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Automatic Control, IEEE Transactions on

Issue 1 • Date Jan. 2011

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Displaying Results 1 - 25 of 35
  • Table of contents

    Page(s): C1 - C4
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  • IEEE Control Systems Society

    Page(s): C2
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  • Scanning the issue

    Page(s): 1
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  • Disturbance Decoupling of Boolean Control Networks

    Page(s): 2 - 10
    Save to Project icon | Request Permissions | Click to expandQuick Abstract | PDF file iconPDF (286 KB) |  | HTML iconHTML  

    Disturbance decoupling problem (DDP) of Boolean control networks is considered. Using semi-tensor product of matrices and the matrix expression of logical functions, a working procedure is proposed to solve the problem. This procedure consists of two key design steps. First, how to convert a system into an output-friendly coordinate frame. An algorithm is provided to calculate the output-friendly subspaces. Secondly, it was shown how to find proper controllers to solve the problem if it is solvable. A state variable separation form is introduced to guide the design of controllers. Based on the design technique, necessary and sufficient conditions are obtained for the solvability of DDP. View full abstract»

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  • Stability Crossing Set for Systems With Three Delays

    Page(s): 11 - 26
    Save to Project icon | Request Permissions | Click to expandQuick Abstract | PDF file iconPDF (1216 KB) |  | HTML iconHTML  

    This article describes the stability crossing set for linear time-delay systems of arbitrary order with three delays. The crossing frequency set, which consists of all frequencies where a pair of zeros of the characteristic quasipolynomial may cross the imaginary axis, is partitioned to Grashof sets and Non-Grashof sets of various types. It was found that the general characteristics of the stability crossing set is completely determined by the partition structure of the crossing frequency set. With the exception of degenerate cases, this article provides a method of explicit and complete parameterization and geometric characterization of the stability crossing set of linear systems with three delays. With the well-known method of finding the crossing directions, this provides a powerful method of finding parameter regions of stable systems. Extension to systems with additional fixed delays is also discussed. View full abstract»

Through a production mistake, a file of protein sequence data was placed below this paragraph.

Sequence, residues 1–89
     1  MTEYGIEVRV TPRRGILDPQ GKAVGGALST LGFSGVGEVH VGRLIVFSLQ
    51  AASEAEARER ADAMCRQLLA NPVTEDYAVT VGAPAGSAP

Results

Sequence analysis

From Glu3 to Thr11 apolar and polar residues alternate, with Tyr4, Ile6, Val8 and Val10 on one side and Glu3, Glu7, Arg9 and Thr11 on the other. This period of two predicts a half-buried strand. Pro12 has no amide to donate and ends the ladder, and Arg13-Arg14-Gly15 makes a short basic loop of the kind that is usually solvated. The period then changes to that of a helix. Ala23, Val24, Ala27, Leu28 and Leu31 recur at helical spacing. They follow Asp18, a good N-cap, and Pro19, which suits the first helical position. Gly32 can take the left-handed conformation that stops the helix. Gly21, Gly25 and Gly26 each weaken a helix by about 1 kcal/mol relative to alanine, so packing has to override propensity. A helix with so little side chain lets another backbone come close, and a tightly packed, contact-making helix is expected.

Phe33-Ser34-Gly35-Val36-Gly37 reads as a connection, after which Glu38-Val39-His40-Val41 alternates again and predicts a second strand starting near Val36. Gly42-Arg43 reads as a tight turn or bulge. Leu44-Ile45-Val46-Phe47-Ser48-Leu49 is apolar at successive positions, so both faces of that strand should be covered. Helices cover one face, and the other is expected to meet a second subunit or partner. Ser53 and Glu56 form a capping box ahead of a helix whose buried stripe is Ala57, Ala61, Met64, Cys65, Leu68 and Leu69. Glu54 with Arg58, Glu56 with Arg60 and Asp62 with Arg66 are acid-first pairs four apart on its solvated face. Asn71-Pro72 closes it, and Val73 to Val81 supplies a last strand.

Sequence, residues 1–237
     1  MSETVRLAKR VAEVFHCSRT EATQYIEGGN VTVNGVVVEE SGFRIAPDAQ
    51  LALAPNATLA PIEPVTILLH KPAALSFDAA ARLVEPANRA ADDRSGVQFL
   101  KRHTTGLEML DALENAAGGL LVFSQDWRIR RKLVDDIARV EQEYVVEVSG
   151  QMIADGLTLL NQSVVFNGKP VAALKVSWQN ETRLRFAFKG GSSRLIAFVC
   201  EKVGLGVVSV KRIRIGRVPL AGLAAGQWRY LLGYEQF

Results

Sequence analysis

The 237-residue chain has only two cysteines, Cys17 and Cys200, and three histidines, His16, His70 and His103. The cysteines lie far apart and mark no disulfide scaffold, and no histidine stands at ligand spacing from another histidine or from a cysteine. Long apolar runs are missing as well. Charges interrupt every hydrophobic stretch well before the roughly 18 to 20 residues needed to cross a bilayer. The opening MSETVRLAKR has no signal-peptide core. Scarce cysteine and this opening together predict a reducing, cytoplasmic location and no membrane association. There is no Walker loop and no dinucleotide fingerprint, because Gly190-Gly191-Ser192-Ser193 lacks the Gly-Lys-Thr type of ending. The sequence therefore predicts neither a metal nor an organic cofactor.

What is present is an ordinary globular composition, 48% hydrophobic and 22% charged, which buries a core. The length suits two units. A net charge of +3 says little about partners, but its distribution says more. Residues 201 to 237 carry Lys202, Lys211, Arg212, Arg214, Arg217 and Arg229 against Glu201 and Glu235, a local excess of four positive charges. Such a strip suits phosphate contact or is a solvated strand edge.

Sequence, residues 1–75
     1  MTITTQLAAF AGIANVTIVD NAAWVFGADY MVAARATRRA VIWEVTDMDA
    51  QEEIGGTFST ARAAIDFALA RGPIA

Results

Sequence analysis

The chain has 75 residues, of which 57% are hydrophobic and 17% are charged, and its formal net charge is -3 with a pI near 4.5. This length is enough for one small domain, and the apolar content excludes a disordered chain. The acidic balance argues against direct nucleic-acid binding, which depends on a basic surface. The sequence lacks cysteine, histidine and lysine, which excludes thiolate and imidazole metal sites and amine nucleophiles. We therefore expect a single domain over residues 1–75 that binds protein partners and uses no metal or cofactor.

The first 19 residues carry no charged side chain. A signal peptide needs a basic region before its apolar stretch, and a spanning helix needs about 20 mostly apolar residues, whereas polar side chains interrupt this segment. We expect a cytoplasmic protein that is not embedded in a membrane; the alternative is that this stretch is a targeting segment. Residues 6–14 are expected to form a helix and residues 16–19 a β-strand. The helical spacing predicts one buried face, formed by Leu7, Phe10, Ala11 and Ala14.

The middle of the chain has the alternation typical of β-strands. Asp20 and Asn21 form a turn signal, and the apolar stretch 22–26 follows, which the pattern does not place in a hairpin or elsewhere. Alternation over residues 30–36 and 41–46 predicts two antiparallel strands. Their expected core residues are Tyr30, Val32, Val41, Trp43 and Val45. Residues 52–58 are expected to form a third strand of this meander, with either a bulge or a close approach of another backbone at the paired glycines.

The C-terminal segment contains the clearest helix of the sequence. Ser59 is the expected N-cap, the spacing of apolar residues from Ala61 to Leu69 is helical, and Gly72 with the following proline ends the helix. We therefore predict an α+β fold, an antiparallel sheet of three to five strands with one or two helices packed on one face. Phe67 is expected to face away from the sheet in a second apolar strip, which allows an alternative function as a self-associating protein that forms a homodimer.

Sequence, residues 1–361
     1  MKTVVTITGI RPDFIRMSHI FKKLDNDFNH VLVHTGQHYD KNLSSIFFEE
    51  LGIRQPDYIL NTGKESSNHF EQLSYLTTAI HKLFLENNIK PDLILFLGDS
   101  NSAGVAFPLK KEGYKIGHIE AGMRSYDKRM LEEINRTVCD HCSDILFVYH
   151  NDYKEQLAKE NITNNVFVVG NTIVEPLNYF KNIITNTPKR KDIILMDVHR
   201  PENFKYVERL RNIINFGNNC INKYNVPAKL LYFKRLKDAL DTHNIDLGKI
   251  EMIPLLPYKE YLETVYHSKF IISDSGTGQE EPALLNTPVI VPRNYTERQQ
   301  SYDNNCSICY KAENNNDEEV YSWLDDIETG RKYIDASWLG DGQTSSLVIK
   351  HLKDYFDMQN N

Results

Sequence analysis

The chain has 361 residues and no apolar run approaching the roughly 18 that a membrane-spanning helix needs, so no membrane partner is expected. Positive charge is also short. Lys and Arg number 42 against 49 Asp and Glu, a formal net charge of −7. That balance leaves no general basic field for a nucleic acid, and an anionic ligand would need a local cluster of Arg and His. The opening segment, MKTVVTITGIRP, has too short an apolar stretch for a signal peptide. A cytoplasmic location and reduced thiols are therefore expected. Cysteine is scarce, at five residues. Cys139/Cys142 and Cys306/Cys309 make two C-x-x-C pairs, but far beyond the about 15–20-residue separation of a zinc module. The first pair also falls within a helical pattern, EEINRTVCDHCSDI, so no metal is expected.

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  • Supervisory Control of Uncertain Linear Time-Varying Systems

    Page(s): 27 - 42
    Save to Project icon | Request Permissions | Click to expandQuick Abstract | PDF file iconPDF (632 KB) |  | HTML iconHTML  

    We consider the problem of adaptively stabilizing linear plants with unknown time-varying parameters in the presence of noise, disturbances, and unmodeled dynamics using the supervisory control framework, which employs multiple candidate controllers and an estimator based switching logic to select the active controller at every instant of time. Time-varying uncertain linear plants can be stabilized by supervisory control, provided that the plant's parameter varies slowly enough in terms of mixed dwell-time switching and average dwell-time switching, the noise and disturbances are bounded and small enough in terms of L-infinity norms, and the unmodeled dynamics are small enough in the input-to-state stability sense. This work extends previously reported works on supervisory control of linear time-invariant systems with constant unknown parameters to the case of linear time-varying uncertain systems. A numerical example is included, and limitations of the approach are discussed. View full abstract»

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  • Step Tracking in the Presence of Persistent Plant Changes

    Page(s): 43 - 58
    Save to Project icon | Request Permissions | Click to expandQuick Abstract | PDF file iconPDF (567 KB) |  | HTML iconHTML